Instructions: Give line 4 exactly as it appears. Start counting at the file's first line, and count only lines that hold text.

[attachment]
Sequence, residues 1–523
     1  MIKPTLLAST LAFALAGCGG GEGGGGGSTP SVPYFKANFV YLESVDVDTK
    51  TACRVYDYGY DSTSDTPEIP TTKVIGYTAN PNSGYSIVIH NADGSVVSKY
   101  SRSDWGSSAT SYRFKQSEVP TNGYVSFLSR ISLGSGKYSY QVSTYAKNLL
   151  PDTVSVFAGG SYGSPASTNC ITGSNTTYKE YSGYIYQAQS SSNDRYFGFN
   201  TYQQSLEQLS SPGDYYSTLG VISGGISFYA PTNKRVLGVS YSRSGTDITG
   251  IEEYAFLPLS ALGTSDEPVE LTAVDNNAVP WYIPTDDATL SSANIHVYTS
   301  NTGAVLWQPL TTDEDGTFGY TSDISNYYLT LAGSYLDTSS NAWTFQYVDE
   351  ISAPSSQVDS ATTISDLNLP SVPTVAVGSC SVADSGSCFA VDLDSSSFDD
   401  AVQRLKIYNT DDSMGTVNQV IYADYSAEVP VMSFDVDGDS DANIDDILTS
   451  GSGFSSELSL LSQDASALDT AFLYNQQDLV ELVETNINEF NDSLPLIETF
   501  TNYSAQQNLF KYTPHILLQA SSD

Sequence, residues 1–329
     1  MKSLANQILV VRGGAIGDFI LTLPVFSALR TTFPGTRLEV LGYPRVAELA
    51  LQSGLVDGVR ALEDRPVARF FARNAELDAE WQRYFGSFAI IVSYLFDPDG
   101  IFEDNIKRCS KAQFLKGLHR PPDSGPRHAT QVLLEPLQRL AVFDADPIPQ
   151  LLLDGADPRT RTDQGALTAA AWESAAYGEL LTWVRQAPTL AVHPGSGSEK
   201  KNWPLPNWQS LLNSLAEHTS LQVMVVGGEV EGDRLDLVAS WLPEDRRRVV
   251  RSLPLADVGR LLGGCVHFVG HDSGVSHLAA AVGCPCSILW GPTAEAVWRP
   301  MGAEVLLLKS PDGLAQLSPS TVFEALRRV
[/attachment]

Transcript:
   101  SRSDWGSSAT SYRFKQSEVP TNGYVSFLSR ISLGSGKYSY QVSTYAKNLL